March 16, 2010 7:20 a.m.

All liquored up on sake” … “a suicide run” … bizarre invocations of assassination. Threats of civil (or perhaps not so civil) disobedience against new Health Care laws. The Republican rhetoric sure is heating up as momentum gathers for a final vote on Health Care Reform. But there’s no missing that it’s the intensity of desperation.For weeks many Republicans and Democrats have argued that if Health Care Reform is unpopular now (which it is by a marginal and decreasing degree) it’s not going to get more popular once the Democrats pass it in the face of popular opposition. On its face this is a plausible argument. It even contains a certain logic. Republicans have obvious political reasons for making the argument. And some Democrats probably even believe it’s true. Yet the available polling and historical evidence all suggests that it’s flat wrong.

As I noted yesterday, since the Dems got back on track toward passing Reform, they haven’t taken any hit in the polls. Indeed, support for the Democrats and Reform itself are both rising. Trend or not, what’s certain is that there is no evidence from polling data that the renewed push is hurting the Dems in the least. And there’s increasing evidence to the contrary. And that simply confirms the most salient and real lesson of 1994. For all the rise in right-wing militancy, discontent over guns and other wedge issues, and even with all the structural threats to Democratic rule, what really killed the Dems was that at the critical moment they flaked. President Clinton bet his whole presidency on grand promises about Health Care Reform. His party controlled the entire federal government (though the control was more illusory than today), and they didn’t deliver anything. Impotence isn’t just demoralization to supporters and enlivening to political opponents. For a big swath of the public, policy proper in its specifics is always in competition for a more elemental desire for effective and efficient government, government that can at least be expected to execute in most cases on its plans. It’s really not such an alien or odd predisposition. In our lives, most of us would like to work with or under managers who share our values and management styles. But given the choice of an effective manager who we don’t particularly like and an incompetent, I think most of us would prefer the former.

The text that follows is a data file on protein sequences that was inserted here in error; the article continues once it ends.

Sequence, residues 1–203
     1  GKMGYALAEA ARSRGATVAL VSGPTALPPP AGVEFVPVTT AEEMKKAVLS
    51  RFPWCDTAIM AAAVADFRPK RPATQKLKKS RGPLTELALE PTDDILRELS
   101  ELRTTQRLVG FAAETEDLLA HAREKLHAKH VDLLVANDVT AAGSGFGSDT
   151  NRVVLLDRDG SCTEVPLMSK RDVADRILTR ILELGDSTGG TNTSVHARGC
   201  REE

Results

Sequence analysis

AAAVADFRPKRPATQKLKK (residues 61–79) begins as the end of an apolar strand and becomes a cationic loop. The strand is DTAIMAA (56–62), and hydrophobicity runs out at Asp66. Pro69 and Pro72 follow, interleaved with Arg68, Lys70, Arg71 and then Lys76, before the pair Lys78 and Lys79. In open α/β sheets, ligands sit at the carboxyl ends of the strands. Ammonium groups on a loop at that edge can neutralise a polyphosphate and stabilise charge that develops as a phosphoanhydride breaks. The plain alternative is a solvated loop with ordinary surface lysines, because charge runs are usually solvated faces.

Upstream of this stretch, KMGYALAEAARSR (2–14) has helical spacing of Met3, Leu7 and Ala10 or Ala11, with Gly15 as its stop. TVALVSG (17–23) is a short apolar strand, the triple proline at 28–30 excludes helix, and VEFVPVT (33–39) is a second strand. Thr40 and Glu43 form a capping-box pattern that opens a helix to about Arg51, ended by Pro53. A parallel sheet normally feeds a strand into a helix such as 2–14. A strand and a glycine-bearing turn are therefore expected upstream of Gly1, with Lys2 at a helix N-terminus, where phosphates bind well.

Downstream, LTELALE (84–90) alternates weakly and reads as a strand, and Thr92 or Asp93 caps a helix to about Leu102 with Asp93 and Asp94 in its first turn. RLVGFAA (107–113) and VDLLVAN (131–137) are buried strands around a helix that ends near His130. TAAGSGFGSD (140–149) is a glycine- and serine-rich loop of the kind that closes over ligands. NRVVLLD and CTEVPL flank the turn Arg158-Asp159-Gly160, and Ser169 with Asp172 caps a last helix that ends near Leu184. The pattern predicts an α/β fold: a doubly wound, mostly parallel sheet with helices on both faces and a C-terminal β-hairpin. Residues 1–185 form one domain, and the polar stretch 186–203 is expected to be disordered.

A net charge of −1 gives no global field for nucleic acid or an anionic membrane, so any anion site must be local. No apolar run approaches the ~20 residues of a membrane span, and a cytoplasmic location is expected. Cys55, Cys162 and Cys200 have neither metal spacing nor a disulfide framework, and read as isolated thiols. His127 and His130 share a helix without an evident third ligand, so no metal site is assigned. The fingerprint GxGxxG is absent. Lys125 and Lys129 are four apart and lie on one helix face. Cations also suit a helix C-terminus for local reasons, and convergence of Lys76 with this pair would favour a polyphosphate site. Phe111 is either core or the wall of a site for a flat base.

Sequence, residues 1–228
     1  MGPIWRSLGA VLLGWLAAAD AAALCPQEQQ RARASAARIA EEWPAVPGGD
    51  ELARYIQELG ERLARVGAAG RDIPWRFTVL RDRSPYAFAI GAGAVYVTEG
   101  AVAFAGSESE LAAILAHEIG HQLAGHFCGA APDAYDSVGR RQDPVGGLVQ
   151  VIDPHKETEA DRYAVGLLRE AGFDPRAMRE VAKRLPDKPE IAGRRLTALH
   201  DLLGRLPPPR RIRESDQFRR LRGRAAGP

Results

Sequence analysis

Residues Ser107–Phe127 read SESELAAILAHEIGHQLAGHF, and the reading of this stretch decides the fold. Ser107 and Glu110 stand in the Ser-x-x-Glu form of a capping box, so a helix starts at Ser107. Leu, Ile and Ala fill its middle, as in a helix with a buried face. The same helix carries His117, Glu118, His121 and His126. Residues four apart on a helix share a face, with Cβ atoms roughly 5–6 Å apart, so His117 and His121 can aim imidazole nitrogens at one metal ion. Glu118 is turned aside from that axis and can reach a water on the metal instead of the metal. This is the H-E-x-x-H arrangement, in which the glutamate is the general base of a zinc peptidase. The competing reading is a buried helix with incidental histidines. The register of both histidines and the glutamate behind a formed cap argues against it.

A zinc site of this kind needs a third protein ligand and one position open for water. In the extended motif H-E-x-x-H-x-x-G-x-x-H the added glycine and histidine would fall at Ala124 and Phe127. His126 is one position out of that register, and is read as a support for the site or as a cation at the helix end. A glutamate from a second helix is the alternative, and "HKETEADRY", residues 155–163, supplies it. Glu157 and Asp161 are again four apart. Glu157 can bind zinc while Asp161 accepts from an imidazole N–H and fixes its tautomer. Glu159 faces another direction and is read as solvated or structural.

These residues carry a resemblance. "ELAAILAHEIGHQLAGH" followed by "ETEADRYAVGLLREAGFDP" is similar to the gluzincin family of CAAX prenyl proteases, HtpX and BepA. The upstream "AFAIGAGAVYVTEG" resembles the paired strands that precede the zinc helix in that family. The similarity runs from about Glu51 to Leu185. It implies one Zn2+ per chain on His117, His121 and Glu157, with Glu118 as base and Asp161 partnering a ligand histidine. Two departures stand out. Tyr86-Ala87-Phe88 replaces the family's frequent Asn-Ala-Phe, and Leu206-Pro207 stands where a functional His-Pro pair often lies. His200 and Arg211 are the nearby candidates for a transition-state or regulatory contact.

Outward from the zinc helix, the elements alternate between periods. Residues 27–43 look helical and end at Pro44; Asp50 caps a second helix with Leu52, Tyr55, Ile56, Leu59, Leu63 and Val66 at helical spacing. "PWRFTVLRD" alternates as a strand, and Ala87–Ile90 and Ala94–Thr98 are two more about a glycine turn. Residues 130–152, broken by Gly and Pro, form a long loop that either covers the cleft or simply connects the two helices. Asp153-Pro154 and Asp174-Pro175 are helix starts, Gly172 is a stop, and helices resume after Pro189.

Passing Health Care Reform won’t save Democrats — whatever ‘save’ means in this context. They’re going to have a very hard November. But there’s little doubt that passing will improve their prospects politically — perhaps only marginally, perhaps by quite a lot. Republican leaders get that, which is why they’re pulling out all the stops for a final push to stop it. So since the politics makes sense and the policy does too, there’s simply no reason not to push ahead to conclusion.

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